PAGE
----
There are three important things to know when meeting a bison:

  • A swinging tail is fine;
  • a tail pointing up with the tip kinked down is also OK;but
  • a tail and tip pointing straight up means trouble.

This knowledge comes in handy when coming face-to-face with Charlie, the 2,200 pound, dominate male of a 26-bison herd in the southwestern edge of Winnipeg.

Charlie and his 25 paddock mates live at FortWhyte Alive, a 600-acre nature preserve which boasts the largest urban bison herd in North America.

And they're the stars of FortWhyte Alive's Prairie Legacy, The Bison And Its People, a half-day outdoor adventure cum bison safari.


Meet Charlie, the 2,200 pound dominate male bison at FortWhyte. Photo by Robin Summerfield.


The 26-head herd roams 80-acres of prairie, living off the scrubby grasslands year round and calving every May with the help of Charlie, a 6 1/2-foot-high, 12-foot-long furry stud in the group.

The hands-on history lesson takes guests by van, foot and canoe (or by snowshoe in the winter) on an engrossing, three-hour-long, fresh-air adventure which starts with an introduction to Charlie and his pack.

Guide Lisa Turner, also the centre's tourism and corporate programs coordinator and the co-creator of the tour, loads her guests into a large white passenger van.

By the end of the tour, Turner promises we will understand how bison influenced the lives of Aboriginals, the Métis and European settlers in Manitoba.

As we enter the paddock, she slowly drives up to the herd, giving the resting group a wide berth.

We edge closer and closer.


Guide Lisa Turner slowly inches the van closer to the bison herd. Photo by Robin Summerfield.


The wind's coming from the west, she tells her passengers, so we approach from that direction so the bison know we're in the vicinity long before we arrive.

"They have great hearing, a great sense of smell and a great sense of awareness but they have terrible vision. They're like me without my glasses," Turner says.

She points to Twisty, the dominate female in the herd who was named such because one horn twists downward. (Besides Charlie and Twisty, none of the other bison are named because "they're not pets," Turner says.)


Introducing Twisty, the dominate female bison at FortWhyte. Photo by Robin Summerfield.


We've met the herd in early morning. Some of the calves are still sleeping on the grass while the adults chomp on wild grass or chew their cud.

The bison sniff, snort and roll around on the ground near the van, non-plussed by our presence. They are massive, majestic and very mellow.

They don't put on a show for us and frankly, that's just fine. The real thrill is getting close enough to these wild creatures that you can actually see their breath vapourizing in the brisk morning air.


Millions of bison roamed North America until they were hunted almost to extinction. Photo by Robin Summerfield.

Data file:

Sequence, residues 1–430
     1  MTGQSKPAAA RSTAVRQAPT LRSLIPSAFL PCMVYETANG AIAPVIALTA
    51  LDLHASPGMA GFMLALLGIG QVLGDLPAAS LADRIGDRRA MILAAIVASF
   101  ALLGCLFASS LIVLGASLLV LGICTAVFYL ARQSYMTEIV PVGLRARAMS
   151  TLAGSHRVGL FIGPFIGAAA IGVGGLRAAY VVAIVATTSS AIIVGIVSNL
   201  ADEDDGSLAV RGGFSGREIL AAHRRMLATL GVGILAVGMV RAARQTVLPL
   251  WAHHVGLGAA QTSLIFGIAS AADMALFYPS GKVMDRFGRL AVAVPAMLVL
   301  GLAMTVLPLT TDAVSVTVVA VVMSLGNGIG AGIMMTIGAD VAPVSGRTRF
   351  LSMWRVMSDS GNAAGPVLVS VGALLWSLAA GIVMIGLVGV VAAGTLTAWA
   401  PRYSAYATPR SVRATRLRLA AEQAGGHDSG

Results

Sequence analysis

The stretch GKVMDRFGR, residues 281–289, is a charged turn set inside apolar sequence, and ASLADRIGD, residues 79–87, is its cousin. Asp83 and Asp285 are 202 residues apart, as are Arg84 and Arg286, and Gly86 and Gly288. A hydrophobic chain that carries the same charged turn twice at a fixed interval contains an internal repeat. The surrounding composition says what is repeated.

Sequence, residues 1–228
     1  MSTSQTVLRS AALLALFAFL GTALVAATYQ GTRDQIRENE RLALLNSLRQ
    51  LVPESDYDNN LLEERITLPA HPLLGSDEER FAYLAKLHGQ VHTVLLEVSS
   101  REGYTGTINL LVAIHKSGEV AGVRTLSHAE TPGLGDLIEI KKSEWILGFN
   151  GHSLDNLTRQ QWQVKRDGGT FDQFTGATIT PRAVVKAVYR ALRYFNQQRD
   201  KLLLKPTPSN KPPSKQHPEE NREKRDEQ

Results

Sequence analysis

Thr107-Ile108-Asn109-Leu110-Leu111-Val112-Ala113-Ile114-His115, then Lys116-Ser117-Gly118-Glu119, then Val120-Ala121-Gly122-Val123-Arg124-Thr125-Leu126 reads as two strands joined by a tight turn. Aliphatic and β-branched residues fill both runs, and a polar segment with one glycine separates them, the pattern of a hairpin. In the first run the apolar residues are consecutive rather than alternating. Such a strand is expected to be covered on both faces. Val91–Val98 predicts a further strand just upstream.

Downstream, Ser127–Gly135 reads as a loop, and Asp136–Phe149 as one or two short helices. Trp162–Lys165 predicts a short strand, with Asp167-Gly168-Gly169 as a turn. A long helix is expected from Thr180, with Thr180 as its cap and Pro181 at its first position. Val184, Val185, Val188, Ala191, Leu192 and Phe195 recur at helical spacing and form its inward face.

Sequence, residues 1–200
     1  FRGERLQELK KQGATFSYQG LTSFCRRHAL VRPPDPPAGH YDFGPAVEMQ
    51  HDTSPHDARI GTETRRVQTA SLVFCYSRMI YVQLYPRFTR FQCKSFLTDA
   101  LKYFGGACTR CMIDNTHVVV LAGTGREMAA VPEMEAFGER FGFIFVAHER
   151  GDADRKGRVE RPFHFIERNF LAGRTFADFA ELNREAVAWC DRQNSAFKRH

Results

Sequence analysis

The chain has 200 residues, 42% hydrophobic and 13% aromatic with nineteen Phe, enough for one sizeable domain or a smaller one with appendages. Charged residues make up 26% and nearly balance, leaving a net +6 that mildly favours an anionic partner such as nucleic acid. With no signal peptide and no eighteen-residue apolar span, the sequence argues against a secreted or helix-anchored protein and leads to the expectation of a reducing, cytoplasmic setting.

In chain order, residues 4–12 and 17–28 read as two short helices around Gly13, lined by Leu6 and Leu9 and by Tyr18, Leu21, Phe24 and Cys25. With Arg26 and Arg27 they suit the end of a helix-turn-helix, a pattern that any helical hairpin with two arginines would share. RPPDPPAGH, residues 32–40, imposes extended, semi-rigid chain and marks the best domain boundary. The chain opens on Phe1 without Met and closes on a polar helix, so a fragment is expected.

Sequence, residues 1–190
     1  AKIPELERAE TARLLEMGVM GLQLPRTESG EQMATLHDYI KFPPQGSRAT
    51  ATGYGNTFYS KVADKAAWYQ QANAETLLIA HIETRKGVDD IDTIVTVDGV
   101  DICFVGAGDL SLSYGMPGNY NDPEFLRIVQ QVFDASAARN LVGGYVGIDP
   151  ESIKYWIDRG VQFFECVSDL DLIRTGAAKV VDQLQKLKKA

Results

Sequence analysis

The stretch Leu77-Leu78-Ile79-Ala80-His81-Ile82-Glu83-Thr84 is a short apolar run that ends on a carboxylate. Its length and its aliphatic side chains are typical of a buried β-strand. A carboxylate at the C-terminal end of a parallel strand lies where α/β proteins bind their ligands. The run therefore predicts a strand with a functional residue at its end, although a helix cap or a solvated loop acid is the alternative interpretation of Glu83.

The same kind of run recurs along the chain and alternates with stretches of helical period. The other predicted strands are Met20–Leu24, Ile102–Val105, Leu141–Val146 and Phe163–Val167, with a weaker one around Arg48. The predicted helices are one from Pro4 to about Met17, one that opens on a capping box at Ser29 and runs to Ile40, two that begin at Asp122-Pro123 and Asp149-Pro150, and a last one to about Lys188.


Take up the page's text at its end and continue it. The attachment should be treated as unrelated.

The tour first launched in November 2011 and is all about feeling, touching and exploring, Turner says.

In April 2012, it was named one of Canada's top signature travel experiences by the Canadian Tourism Commission. The designation is both a feather in the centre's cap and also a boon for marketing the program across the country and beyond.

FortWhyte's urban bison safari is just the first stop on the tour. After our bison encounter, we walk along a nature trail alongside the paddock to a view point just 500 metres away.

Turner points out native plants Aboriginal people ate and used medicinally. We sit inside a Cree plains tipi as Turner pulls out a bison-hide box filled with household tools, all made with either bison bones, horns, hair and hide.


Inside FortWhyte's Cree tipi the 13 poles come together at the peak. In Cree spirituality, each pole represents each full moon of the year and were used to mark time. Photo by Robin Summerfield.


We learn how to throw a spear and atlatl, a 100-year-old weapon that increases a spear's reach by 100 yards.

We stop at sod cabin, a replica of the homes constructed by Manitoba's first European settlers.

Turner walks us by a red river cart on the way to one of FortWhyte's ponds.

Here we don lifejackets, get a quick canoeing lesson and paddle like voyageurs.

Adventurers get a taste of voyageur life, paddling on the water during FortWhyte's Prairie Legacy tour. Photo by Robin Summerfield.


Migrating Canadian geese land with a skidding kerfuffle across the quiet pond.

Back on land, Turner teaches us how to make the perfect bannock, unleavened bread, on a stick over an open fire. In about four minutes we're gobbling up smoky bites dressed with maple syrup and cinnamon sugar and sipping rose hip tea she's brewed with berries harvested from nearby bushes.


Even low heat bakes the bannock perfectly at the open-air cook hut at FortWhyte Alive. Photo by Robin Summerfield.


In three short hours, Turner, with help from her friends Charlie, Twisty and the rest of the herd, have delivered as promised and then some.

We leave full of fresh air, a new appreciation of Aboriginal, Métis and settlers' lives on the prairies and, best of all, we're energized by our close encounter with a herd of shaggy beasts roaming the prairie.


Bison Fast Facts
• For every hair on a cow, a bison has seven.
• Bison have strong noses they use to shovel snow and dig down to prairie grasses to eat in the winter months.
• They can run 60 kilometres an hour for three hours straight, jump six-feet-high, jump from a standing position, turn 180 degrees in the air and then land.
• Rutting season is typically in mid-September. Gestation is 9 1/2-months-long.

Tours run year round. To book your bison safari at FortWhyte Alive call 204-989-8355 or